Wrinkles are a universal sign of ageing. Nonetheless, even though they are inevitable, their appearance can be delayed by caring for the skin and using techniques and products that have given rise to a huge market worldwide.
Simone de Beauvoir described wrinkles as “something indescribable that comes from the soul", yet few people welcome the wrinkles that appear on their face. Wrinkles, the most visible sign of cell ageing, represent a challenge to cosmetic researchers investigating new ways to retain and increase the skin’s hydration and regeneration capacities.
According to the American Society of Plastic Surgeons, in the last decade the use of non-invasive cosmetic procedures aimed at achieving a younger appearance has increased by 110% in the USA, while use of botox has jumped by 584%. However, the same body indicates that botox could soon be replaced by a new, less expensive injectable product, based on collagen, a protein that keeps the skin firm and elastic. The collagen for this product is initially taken from the patient and cultivated in a laboratory.
The number of options available to hold back time and even reverse its effects multiply year on year in the face of growing demand. In the USA, women aged 18 to 24 years spend 200 million dollars (142 million euros) a month on cosmetics, according to the NPD Group market research consultancy. Mintel International points to a market for male grooming products worth 15,000 million dollars (10,558 million euros) in 2010, representing an increase of 1.4% over the previous year. According to the European Commission, mean per capita expenditure on cosmetics in the EU was 128 euros per year in 2007.
Consumers nowadays can choose between two types of products: products containing vitamin A (retinol) or antioxidants, which aim to slow down ageing, and products like Botox that repair existing damage by (theoretically) reducing wrinkle depth.
However, cosmetic researchers continue to explore new ways to preserve the skin’s hydration capacity. They are particularly interested in the potential of hyaluronic acid, a viscous polysaccharide used as a wrinkle filler, given that a 2011 report in Archives of Dermatology found that it stimulates collagen production. Some researchers are even investigating human stem cells — which can divide indefinitely without losing any of their potential — and the expression of certain genes responsible for ageing. Unfortunately, however, as pointed by leading dermatologist Jessica Krant in an article published in the Wall Street Journal: "What works in the lab doesn't always work in the real world."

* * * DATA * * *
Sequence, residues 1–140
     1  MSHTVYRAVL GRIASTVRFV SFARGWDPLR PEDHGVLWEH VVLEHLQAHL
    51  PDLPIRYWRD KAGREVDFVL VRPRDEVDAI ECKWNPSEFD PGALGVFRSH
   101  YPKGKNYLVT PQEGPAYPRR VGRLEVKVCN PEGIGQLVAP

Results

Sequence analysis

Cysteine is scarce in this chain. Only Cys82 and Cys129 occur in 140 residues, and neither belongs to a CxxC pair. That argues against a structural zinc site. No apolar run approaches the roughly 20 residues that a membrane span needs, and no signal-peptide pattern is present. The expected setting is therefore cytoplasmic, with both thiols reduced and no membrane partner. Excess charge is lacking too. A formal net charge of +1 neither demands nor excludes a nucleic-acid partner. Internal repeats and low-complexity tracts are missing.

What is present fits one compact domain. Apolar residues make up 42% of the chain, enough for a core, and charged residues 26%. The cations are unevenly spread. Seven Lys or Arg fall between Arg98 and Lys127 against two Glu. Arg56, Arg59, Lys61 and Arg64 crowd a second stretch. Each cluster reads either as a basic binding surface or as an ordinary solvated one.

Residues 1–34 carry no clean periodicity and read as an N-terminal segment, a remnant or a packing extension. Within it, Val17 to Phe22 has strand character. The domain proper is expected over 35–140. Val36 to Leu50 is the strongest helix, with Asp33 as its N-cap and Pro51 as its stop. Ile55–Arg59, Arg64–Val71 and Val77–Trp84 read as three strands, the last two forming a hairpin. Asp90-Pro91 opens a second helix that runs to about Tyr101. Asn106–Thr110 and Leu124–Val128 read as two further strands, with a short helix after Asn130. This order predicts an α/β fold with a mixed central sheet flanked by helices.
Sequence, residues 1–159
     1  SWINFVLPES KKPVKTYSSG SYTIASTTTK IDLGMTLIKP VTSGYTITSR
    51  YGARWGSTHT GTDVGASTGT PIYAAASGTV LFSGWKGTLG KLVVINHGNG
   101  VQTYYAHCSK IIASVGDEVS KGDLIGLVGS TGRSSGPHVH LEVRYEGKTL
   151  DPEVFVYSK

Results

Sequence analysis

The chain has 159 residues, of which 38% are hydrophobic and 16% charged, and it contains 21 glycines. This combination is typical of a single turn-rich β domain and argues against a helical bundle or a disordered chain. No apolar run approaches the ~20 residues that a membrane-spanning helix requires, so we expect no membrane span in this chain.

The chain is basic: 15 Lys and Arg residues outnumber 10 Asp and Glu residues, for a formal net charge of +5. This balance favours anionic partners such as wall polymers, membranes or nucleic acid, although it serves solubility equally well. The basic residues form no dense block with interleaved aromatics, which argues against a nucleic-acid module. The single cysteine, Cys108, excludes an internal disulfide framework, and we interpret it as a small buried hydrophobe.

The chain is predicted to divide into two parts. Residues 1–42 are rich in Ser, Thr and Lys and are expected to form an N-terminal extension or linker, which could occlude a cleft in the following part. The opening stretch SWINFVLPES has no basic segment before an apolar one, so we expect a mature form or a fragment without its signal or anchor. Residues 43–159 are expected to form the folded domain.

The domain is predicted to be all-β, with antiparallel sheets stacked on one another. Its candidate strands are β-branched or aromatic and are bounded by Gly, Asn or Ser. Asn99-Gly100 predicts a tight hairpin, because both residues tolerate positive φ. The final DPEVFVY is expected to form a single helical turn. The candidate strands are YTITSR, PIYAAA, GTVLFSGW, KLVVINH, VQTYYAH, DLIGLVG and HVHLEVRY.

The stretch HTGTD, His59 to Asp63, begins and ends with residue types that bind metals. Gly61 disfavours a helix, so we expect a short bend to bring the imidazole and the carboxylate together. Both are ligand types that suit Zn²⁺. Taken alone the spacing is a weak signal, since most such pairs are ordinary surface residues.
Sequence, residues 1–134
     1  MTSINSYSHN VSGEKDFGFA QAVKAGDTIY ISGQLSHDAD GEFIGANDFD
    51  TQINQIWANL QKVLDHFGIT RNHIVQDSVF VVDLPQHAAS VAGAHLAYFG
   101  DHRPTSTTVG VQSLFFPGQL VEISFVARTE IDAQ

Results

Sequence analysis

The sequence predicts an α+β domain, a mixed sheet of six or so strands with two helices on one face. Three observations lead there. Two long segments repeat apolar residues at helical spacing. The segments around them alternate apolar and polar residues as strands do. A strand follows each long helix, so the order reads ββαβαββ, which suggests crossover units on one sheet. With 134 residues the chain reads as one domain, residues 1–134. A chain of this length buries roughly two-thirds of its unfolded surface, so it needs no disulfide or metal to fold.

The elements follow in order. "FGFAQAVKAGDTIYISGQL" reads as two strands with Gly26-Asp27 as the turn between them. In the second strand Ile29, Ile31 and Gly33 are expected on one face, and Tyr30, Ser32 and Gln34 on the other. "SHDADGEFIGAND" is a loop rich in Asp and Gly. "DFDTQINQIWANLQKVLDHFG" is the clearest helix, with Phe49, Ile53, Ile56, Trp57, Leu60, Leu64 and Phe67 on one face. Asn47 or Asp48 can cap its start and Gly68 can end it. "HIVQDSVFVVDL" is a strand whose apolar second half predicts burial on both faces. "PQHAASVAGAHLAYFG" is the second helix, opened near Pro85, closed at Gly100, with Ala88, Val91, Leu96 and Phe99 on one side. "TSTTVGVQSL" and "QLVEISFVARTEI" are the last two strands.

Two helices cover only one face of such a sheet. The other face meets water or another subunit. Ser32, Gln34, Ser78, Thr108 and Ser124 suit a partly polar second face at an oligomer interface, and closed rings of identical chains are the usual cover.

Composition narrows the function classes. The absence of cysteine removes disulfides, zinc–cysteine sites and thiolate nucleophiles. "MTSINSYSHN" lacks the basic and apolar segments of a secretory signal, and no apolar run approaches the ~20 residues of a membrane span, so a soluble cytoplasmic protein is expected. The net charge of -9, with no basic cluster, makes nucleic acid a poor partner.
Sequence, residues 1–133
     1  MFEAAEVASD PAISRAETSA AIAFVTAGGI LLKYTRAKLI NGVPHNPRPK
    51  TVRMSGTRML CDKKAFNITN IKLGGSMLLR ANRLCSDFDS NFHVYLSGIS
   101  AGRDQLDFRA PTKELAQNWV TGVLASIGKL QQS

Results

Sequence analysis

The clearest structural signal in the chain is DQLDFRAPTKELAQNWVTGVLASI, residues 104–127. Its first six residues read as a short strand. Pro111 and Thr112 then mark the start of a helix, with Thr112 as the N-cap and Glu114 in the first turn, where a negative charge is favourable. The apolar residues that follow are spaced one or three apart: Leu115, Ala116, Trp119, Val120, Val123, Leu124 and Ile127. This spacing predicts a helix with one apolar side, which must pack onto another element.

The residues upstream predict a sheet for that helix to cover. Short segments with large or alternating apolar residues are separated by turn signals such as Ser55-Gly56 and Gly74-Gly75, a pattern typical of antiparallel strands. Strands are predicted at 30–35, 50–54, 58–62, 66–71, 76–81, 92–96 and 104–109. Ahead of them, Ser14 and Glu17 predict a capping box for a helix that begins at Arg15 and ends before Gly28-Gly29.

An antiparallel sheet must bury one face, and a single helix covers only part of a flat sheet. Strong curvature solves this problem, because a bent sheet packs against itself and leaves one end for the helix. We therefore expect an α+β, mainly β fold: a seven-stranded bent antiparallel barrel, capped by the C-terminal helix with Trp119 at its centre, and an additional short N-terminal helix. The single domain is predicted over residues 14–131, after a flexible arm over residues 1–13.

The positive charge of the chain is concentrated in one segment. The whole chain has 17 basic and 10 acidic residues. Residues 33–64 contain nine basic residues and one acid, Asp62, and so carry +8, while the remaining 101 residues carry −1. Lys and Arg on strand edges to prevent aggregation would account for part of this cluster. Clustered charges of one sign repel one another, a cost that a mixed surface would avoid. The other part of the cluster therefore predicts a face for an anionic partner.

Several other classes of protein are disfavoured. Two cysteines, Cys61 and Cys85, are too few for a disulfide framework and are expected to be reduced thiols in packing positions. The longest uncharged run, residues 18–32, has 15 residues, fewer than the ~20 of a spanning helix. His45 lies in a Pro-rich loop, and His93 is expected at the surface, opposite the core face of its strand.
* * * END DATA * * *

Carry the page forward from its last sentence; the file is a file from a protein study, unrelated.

Why does skin wrinkle?
What exactly triggers the wrinkling process that all these techniques try to slow down? Time is unforgiving and the fact that the skin thins as it ages affects its firmness and hydration capacity. Studies of aged skin reveal that the elastin and collagen fibres that give skin its elasticity deteriorate over time. From the age of 20, we produce an estimated 1% less collagen in the skin each year. The functioning of our sweat and sebaceous glands also slows down as we age and our skin becomes increasingly drier as the number of macromolecules ensuring tissue cohesion and hydration decreases. The number of melanocytes producing melanin for pigmentation also decreases and blood vessels in the dermis become less dense, making the skin paler. The formation of wrinkles is therefore inevitable.
These internal changes are also exacerbated by external factors such as alcohol, pollution, smoking and sun exposure, which further degrade elastin and collagen fibres and increase the layer of dead cells accumulating on the epidermal surface.
The fact that no two skins age in the same way has encouraged genetic research. However, the experts all agree that prevention is better than cure and recommend adopting a skin protection routine from an early age.
The golden rules for preventing the signs of ageing are: protect the skin from the sun; avoid alcohol and tobacco; eat plenty of fruit and vegetables, especially those containing antioxidants (e.g. blueberries and artichokes); get enough sleep; avoid stress; and take plenty of exercise. However, this inexpensive recipe proves surprisingly difficult to follow, leading consumers to seek faster and generally more expensive alternatives.